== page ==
The legend of the great Siamese warrior-queen Suriyothai, so memorably brought to the screen in 2001 by filmmaker MC Chatrichalerm Yukol, is coming to the stage next month as a ballet-opera.
Internationally acclaimed maestro Somtow Sucharitkul retells the moving story in a two-act performance featuring more than 200 dancers, opera singers and musicians from the Siam Philharmonic Orchestra. Thailand's best opera singer in Europe, Nadlada Thamtanakom, and dancer Winita Lohitkul share the role of Suriyothai.
The world premiere on August 23, a late birthday present for Her Majesty Queen Sirikit, will raise the curtain on a lush production that combines Western narrative ballet and Thai dance-drama.
"Suriyothai" invokes the glory days of Ayutthaya, when it was Siam's capital, a major international metropolis, a meeting place for world culture and the seat of a sprawling empire.
"I selected the Suriyothai history, first, to celebrate Her Majesty's birthday," Somtow says. "And, second, because Thailand is different from other countries in that Thai women have so much more influence in their homeland.
"I was so bored with hearing Europeans say Asian women are the men's back legs! I wanted to show the world that Thai women can be the heroes."
Somtow, 60, said the art of "narrative ballet" - in which dance alone tells the story - has been "moribund since the great days of the Ballet Russes, 100 years ago".
He has set out to revive the art form with choreographer Puwarate Wongatichat, who previously worked with on "Mae Naak", "Otello", "The Silent Prince" and "Reya". They have created a hybrid style that pools elements of modern and classical Thai dance.
"I can compare the production to Thai food, which is the most popular in the world because of the texture, even if the ingredients aren't originally Thai," Somtow said. "This show is like that - I take ballet and opera, combine them together and it's still Thai."
The tale is set in 1548. Europe teeters in the political wind. Edward VI clings to the English throne but five-year-old Mary Queen of Scots has just been betrothed to the king of France. In Asia, the Ming rulers have sealed China's borders, barring all foreigners. And yet one Asian city is as welcoming as can be.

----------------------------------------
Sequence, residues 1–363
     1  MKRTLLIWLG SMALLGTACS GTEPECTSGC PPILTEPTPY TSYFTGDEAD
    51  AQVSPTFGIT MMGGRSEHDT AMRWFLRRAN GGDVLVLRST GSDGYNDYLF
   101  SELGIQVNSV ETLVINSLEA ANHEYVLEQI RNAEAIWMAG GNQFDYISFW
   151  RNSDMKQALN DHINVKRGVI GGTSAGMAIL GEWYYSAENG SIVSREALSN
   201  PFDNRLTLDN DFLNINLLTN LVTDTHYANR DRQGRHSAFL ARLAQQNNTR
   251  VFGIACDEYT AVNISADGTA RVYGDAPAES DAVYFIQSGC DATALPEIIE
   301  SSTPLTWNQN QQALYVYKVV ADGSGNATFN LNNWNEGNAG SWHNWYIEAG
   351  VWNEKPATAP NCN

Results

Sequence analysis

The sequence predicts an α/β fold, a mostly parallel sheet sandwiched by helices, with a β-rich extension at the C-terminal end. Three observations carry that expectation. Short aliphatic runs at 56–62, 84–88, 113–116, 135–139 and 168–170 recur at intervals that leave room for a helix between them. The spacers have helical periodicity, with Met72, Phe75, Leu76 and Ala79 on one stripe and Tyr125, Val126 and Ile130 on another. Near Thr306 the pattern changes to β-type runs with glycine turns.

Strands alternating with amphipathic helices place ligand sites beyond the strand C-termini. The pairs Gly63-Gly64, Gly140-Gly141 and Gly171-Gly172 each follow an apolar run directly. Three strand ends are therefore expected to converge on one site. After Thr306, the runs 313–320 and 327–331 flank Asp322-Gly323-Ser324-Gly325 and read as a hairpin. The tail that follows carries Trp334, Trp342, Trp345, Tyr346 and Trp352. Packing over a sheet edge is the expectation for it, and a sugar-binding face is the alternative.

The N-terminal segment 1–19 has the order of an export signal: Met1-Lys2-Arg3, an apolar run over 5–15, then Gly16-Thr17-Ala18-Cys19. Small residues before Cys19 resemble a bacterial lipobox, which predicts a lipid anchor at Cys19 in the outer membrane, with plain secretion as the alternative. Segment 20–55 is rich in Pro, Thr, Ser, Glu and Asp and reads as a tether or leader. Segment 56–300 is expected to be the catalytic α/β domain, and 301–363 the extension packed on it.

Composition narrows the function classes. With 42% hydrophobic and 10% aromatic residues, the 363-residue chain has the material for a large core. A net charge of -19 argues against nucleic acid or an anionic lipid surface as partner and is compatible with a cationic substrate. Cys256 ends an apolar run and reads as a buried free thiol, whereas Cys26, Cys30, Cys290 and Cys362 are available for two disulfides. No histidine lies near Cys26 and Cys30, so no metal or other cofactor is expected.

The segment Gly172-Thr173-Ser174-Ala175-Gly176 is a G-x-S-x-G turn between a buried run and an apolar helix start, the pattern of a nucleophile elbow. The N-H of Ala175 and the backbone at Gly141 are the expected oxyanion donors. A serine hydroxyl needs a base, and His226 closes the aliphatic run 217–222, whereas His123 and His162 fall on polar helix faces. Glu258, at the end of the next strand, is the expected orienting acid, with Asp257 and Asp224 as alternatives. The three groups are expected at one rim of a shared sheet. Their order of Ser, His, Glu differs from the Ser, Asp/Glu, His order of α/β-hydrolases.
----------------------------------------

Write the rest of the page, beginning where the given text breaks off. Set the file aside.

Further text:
Portuguese, Chinese, Japanese, French and Dutch traders have settled in Ayutthaya, many of them armed to support the kingdom's imminent war with Pegu, the Burmese domain ruled by King Tabengchaveti. A slew of assassinations have shaken the Ayutthaya court and all hope for the future rests with the young Prince Thian, but he is concealed in a monastery and has taken his vows, leaving behind his beautiful wife Suriyothai.
Somtow's ballet-opera is a rich pageant of scenes from this history, beginning with Prince Thian being acclaimed king and ending with Suriyothai's heroic sacrifice to save her husband and her kingdom.
The Siam Philharmonic, under the baton of Trisadee Na Patalung, will provide dramatic accompaniment to every turn of the page. Nadlada Thamtanakom will sing the heroic queen's words. Winita Lohitkul will dance the queen's role. Kampanath Ruangkittivilas stars as King Tabengchaveti.
The musical drama, about 75 minutes in length, is a new kind of stylistic fusion, inspired in equal parts by classical Thai dance-drama, opera, ballet and splendid temple murals from a bygone era. The costumes, supported by the Textile Gallery's Pasaya brand, will carry their own modern look.
Textile Gallery managing director Schle Woodthannan said the Siamese characters' clothing will bear prints in the phum khao bin "rice-grain" pattern.
"Blue is the key shade of the dresses. It's Her Majesty's birthday colour and evokes calm," Schle says. "The Burmese characters will wear costumes with golden stripes, referring to power."
Excerpts from "Suryothai" have been staged to great acclaim in Germany, the Czech Republic, Slovakia and Austria. In Vienna, "The Burmese March" from Somtow's score was chosen to signify the Siam Simfonietta's triumph in an international orchestra competition.
And "The Suite from Suriyothai" will be played at the Euro Festival Berlin on August 11, at the invitation of the organisers and Thailand's German embassy.